Tim Kingston of Goonellabah sees Christmas as an occasion to celebrate Jesus.
Tim Kingston of Goonellabah sees Christmas as an occasion to celebrate Jesus. Marc Stapelberg

Celebrations on hold

WHILE the rest of us are decking the halls with boughs of holly (fa la la la la la la la), many Christians will not celebrate Christmas because it is not part of their religious belief.

Jehovah's Witness elder, Reg Farrell, of Casino's Kingdom Hall of Jehovah's Witness said Christmas would not be part of tomorrow's church meeting.

Instead, the church would wait until Easter to celebrate Christ's death.

"At the lord's meal (the last supper) he asked us to celebrate his death," Mr Farrell said.

"He achieved nothing through birth, but by the time of his death he had achieved a lot through his preaching work."

Seventh Day Adventist Pastor Tim Kingston of Goonellabah said Christmas celebrations in his church tended to be low-key.

"Nowhere in the bible are we told to celebrate and honour the birth of Jesus," Pastor Kingston said.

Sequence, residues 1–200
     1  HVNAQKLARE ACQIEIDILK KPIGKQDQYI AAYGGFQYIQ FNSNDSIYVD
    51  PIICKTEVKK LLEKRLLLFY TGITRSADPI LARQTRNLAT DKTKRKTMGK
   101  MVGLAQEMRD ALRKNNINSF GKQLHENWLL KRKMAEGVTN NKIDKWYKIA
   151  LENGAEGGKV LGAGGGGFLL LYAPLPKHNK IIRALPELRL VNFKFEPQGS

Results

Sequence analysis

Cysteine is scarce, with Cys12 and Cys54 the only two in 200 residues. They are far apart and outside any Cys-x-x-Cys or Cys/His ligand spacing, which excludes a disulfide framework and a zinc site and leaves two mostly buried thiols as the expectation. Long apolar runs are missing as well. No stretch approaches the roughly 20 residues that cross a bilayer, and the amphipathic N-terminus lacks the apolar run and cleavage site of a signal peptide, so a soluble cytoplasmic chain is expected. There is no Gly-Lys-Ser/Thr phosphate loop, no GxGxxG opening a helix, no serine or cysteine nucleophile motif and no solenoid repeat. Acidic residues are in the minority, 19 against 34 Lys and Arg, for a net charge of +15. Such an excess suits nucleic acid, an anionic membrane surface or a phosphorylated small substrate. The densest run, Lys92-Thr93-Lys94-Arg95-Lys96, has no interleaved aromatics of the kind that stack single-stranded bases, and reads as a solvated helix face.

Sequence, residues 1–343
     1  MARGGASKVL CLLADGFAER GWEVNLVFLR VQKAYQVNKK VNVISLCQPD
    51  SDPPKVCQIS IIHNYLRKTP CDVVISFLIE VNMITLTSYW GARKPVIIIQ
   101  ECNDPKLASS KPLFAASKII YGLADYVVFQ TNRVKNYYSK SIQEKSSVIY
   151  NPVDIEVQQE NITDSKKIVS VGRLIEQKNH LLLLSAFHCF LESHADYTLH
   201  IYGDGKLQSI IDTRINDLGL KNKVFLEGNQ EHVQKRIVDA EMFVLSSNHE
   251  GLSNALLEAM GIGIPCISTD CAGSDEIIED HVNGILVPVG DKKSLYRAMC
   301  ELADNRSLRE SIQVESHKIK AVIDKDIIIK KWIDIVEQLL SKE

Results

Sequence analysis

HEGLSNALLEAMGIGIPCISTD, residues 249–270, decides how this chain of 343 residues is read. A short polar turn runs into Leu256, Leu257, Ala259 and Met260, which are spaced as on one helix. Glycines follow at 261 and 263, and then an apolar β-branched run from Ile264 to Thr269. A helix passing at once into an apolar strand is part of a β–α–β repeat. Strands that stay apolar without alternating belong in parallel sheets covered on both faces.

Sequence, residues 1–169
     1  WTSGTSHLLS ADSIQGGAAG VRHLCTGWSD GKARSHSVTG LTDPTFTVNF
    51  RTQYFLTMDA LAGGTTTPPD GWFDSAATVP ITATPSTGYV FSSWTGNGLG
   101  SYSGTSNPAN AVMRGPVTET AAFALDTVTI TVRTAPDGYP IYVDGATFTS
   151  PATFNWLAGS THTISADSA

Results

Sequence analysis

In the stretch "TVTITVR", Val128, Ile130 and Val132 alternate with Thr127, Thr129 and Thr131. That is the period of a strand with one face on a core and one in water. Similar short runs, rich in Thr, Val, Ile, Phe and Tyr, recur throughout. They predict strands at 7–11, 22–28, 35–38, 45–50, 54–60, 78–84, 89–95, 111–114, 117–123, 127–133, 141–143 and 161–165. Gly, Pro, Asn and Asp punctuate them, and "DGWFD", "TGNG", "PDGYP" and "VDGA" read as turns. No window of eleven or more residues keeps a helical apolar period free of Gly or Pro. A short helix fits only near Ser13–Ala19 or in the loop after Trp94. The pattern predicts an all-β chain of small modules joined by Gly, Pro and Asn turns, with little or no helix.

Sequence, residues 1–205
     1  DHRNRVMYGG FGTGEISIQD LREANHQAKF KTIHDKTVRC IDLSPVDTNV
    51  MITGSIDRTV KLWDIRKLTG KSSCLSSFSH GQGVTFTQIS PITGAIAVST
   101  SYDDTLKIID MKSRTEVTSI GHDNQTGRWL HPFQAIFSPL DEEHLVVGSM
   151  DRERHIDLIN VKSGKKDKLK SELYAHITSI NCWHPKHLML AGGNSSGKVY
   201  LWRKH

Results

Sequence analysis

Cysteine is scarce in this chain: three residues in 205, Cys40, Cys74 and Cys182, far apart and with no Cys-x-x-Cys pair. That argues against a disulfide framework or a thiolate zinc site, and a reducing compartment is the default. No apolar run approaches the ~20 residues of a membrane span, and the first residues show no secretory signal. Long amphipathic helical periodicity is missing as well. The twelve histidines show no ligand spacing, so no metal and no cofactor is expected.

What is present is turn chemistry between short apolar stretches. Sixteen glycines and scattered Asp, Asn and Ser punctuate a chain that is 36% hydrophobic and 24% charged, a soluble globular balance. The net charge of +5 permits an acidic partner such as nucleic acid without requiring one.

In fact, he argues, the birth of Jesus was of such small consequence that its date was not recorded.

But even so, Pastor Kingston said his church would hold a special Christmas service today.

December 25, was originally the Roman celebration of the sun God, and was turned into a celebration of the son of God by Roman emperor Constantine in 313AD.

It is generally accepted that Jesus was actually born in September.


Religions and sects which don't celebrate Christmas:

  • Baha'i
  • Buddhism
  • Judaism
  • Islam
  • Hinduism
  • Seventh Day Adventist
  • Jehovah's Witness
  • Rastafarian movement

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